And that’s not to mention the destructive effects on the body. Long-term, eating disorder patients are at risk of bone fractures and osteoporosis, gum disease, infertility, stroke, diabetes, sudden heart attack and early death.
Diagnosed with anorexia at age of 12, Ellen Maloney, now 36, has seen her fair share of haphazard treatment. She says: ‘I spent most of my adolescence in and out of psychiatric wards, being tube-fed and restrained with no psychological help. As soon as I turned 18, I wasn’t considered a child any more so I was discharged without support.’
The teenager, from Edinburgh, did ‘OK’ for a year, attending college part-time and passing a handful of GCSEs.
‘But by then I was institutionalised and had become stuck in my distorted food habits,’ she says.
She soon developed a diet pill addiction and stopped eating solid foods. Her weight plummeted to a dangerously low level, landing her back in a London hospital. ‘The consultant said as long as I could get my weight safe enough to keep me out of hospital, that was enough. That was as good as it was going to get. I felt completely given-up on.’
Three months later, having reached a BMI of just 15, she was discharged. It wasn’t until the age of 27, following another relapse, that she received a ‘proper’ course of psychotherapy. But by this point, Ellen was locked in her ‘rigid ways of thinking’.
She says: ‘The therapy couldn’t reverse two decades of illness.’
Recent intriguing research may explain Ellen’s self-destructive thought patterns. In 2015, psychiatrists from Columbia University performed brain scans on 21 anorexia patients and 21 healthy women as they made decisions about eating.
While the healthy women showed moderate activation in brain areas associated with reward – the ventral striatum – the anorexic women showed high level activation in an unusual area, the dorsal striatum.
This section of the brain is involved in habitual thoughts and behaviours, like biting your nails.
This suggests anorexics’ food decisions are automatic and based on past learning, as opposed to weighing up pros and cons or pleasure seeking. Study author Professor Timothy Walsh concluded that the longer the disorder rages on, the greater the dorsal striatum’s role in food decisions.
A sign of hope that doesn’t include weight gain
Angela and Ellen are now reluctant to engage in the intensive treatment offered to teenagers. Unsurprisingly, the focus on weight gain puts them off. So what must be done for these patients, if anything?
Prof Treasure has a possible solution, and it doesn’t necessarily involve gaining any weight. Her team is trialling a programme in a small group of older patients that focuses on practical improvements, not the number on the scales.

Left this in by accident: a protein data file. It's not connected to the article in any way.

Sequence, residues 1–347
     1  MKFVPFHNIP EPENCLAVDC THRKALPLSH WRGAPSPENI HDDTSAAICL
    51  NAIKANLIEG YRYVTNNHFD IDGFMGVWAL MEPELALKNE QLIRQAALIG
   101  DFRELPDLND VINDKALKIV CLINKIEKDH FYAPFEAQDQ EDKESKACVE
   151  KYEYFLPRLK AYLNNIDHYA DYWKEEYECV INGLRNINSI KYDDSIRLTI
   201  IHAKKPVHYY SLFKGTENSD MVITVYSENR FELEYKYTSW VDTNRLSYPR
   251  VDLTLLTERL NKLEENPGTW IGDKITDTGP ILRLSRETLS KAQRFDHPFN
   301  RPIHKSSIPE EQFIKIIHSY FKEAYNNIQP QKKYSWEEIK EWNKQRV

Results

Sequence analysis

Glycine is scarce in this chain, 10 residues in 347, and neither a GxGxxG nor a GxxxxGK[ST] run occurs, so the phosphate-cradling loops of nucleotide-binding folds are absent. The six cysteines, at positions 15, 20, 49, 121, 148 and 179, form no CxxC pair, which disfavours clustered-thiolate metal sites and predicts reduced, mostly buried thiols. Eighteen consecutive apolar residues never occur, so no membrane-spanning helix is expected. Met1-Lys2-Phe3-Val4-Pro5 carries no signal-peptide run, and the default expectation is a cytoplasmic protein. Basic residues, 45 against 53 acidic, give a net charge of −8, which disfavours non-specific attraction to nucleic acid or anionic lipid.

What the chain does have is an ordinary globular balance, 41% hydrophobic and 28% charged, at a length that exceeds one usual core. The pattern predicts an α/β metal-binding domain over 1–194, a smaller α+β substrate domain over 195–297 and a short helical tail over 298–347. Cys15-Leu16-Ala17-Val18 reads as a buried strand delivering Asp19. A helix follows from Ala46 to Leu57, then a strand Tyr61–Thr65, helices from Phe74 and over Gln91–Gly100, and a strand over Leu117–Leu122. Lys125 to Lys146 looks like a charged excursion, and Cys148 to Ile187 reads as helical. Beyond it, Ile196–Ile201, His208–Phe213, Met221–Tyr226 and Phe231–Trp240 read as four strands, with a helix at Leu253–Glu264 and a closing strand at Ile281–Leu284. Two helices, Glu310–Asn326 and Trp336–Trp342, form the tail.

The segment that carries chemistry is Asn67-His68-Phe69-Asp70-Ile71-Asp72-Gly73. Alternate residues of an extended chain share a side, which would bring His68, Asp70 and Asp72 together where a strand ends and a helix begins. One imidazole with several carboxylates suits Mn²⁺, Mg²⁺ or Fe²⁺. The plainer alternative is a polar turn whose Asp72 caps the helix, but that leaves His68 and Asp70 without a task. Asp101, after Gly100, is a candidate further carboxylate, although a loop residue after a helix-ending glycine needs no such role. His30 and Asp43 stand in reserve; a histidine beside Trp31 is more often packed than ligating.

‘Empowering patients to reach practical goals shifts their focus towards connections with other people. Their habits become unstuck,’ says Prof Treasure.
During weekly sessions with a mental health nurse or psychologist, patients plan small, tangible goals designed to reintegrate them with social groups – a meal out with friends, for example. As a by-product, some do gain weight.
Prof Treasure says: ‘We have improved recovery rates and reduced hospital admissions.’ She adds: ‘Although initial outcomes of this approach are promising, the team will have to wait two to three years for a full set of results.’
Angela has been enrolled in the intervention for the past 18 months and is maintaining her current weight. Her psychologist, Caroline Norton, is thrilled with her progress. She says: ‘When I met Angela she was barely able to leave home. This year she’s been to her daughter-in-law’s hen party for the weekend and eaten out, too. It’s a huge achievement.’
Prioritising weight gain can be detrimental, says Norton.
‘Many refuse outright to gain weight. If all you’ve known for 40 years is anorexia, what’s left? They cling on to it because it’s the only life they know. We must improve quality of life as best we can. Maybe they want to go into town and have coffee, or go on holiday. We can help them do that.
‘But the NHS can’t plot these successes on a graph in the same way you can with weight gain, so they aren’t seen as valuable. How do you quantify a meal out or the first bus ride in 20 years? It’s much more difficult to prove success.’
I used to be convinced that the goal for every eating disorder patient should be full, lasting recovery. Weight gain and all. I was wrong. My case was typical and easily treatable. Sadly, the same cannot be said for thousands of others.
‘The fact is, a proportion of people will die from the illness. Even with the best help some people don’t get better,’ says Caroline.
Until science discovers a cure-for-all, the very least we can do is make life worth living. As Angela says: ‘I would have never imagined I’d be able to go away for the weekend and eat out. But Caroline believed I could. I had one of the best weekends of my life.’